Mastering the practice of personalization can seem overwhelming for marketers, leaving them to wonder whether the cost and effort is worth the trouble. But giving up on the dream of one-to-one marketing would be a shame.
By Stephen Shaw
When the era of Big Data dawned in the early 2000s with the explosive growth in web traffic, marketers swooned at the potential for personalized messaging: at long last, the dream of one-to-one marketing seemed within reach.
Yet as the years rolled by personalization remained a buzzword: the practice never caught up with the rhetoric. In a McKinsey survey last year, just 15% of CMOs claimed they were “on the right track with personalization”, stymied by a chronic lack of resources. Meanwhile, customers have come to view personalization as promotional gimmickry, urging them to add one more item to their online shopping cart.
In recent years, however, a new generation of AI-powered technologies has made it easier than ever for marketers to personalize the customer experience. Which is why in 2019 the Association of National Advertisers named personalization its “Marketing Word of the Year”. But then at the end of last year the research firm Gartner came out with the glum prediction that five years from now 80% of marketers will have abandoned their personalization efforts due to a lack of ROI or the “perils of customer data management”.
Personalization is hard to get right — even with the latest technology. But the reasons go far beyond the technical complexities of mastering personalization. It has more to do with marketers treating personalization as an afterthought. Viewed as a basic customer expectation, personalization becomes too important for marketers to give up on.
Look over the shoulder of any digital native absorbed in their phone these days and it is easy to see why marketers are struggling to connect with them. Headphones on, eyes glued to their screen, they live in their own personal media bubble, frenetically scrolling, tapping, texting and swiping, messaging their friends, checking their newsfeeds, sharing their pictures, maybe even watching a video or playing a game.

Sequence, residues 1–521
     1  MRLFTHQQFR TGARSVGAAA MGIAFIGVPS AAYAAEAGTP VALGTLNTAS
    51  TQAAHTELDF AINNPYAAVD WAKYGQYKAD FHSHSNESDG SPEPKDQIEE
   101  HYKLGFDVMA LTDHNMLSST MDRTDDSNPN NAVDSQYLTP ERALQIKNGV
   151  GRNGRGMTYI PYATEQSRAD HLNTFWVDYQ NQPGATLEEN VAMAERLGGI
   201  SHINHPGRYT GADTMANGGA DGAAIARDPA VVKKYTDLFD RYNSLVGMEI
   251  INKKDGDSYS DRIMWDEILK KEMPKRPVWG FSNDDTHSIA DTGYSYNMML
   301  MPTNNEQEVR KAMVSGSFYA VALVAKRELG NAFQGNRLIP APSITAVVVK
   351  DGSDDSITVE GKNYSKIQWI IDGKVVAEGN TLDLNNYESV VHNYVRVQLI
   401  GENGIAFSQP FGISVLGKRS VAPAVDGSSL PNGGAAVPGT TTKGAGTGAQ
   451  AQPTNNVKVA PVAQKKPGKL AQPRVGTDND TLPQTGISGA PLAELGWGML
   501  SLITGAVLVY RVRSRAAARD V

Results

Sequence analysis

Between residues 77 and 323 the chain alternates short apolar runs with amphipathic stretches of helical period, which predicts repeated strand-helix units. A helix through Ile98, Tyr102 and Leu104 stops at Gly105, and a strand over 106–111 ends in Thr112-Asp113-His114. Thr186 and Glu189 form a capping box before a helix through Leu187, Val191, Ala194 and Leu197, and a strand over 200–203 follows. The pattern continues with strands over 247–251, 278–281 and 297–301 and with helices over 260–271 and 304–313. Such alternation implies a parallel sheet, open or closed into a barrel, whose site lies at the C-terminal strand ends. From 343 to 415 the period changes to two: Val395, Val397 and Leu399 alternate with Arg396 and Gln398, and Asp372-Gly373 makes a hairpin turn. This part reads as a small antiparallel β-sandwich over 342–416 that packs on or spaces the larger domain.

Jamming sponsored posts in between their social feeds or stuffing e-mail in-boxes with “best guess” offers or blitzing them with push notifications just forces them behind a privacy wall. The same is true of every other invasive tactic — web site pop-ups, infobars, digital ads, video pre-rolls, the list goes on. So people have learned to screen out the street noise — skip and block ads — “cut the chord” — insulate themselves from blatant commercial pitches — and seek sanctuary on ad-free media platforms.
As long as marketers persist in making campaigns the basis of their planning, their brand messaging will never be able to compete against the constant barrage of media distractions. Instead, they should find ways to be useful in the moment, whenever personalized assistance is needed, based on individual need and circumstances. And that means shifting the marketing mindset from “What can I sell you today?” to “How can I help you?”. As Seth Godin says, “Marketing is driven by better. Better service, better community, better outcomes”.
Personalization should never be considered synonymous with targeting. It should not be limited to “you may also like” recommendations. Instead, it should be woven into the fabric of the total customer experience, helping to make it “better”. Better at delivering advice. Better at answering questions. Better at making the experience seamless across devices and touchpoints. Better at delivering timely service and support. Better at anticipating customer needs.
Take the example of the calorie-counting mobile app LoseIt!. It stands out from the galaxy of weight watching brands by offering real-time analytical reporting such as pattern detection. For example, the app will figure out how specific food items influence the amount of weight gain or loss: “We’ve noticed that on days you incorporate muffins, you tend to keep your total calories lower”. The reason LoseIt has grown to 30 million members is its commitment to being “better”. Every new feature is born out of a singular crusade: to fight the obesity epidemic by making people more conscious of their food choices.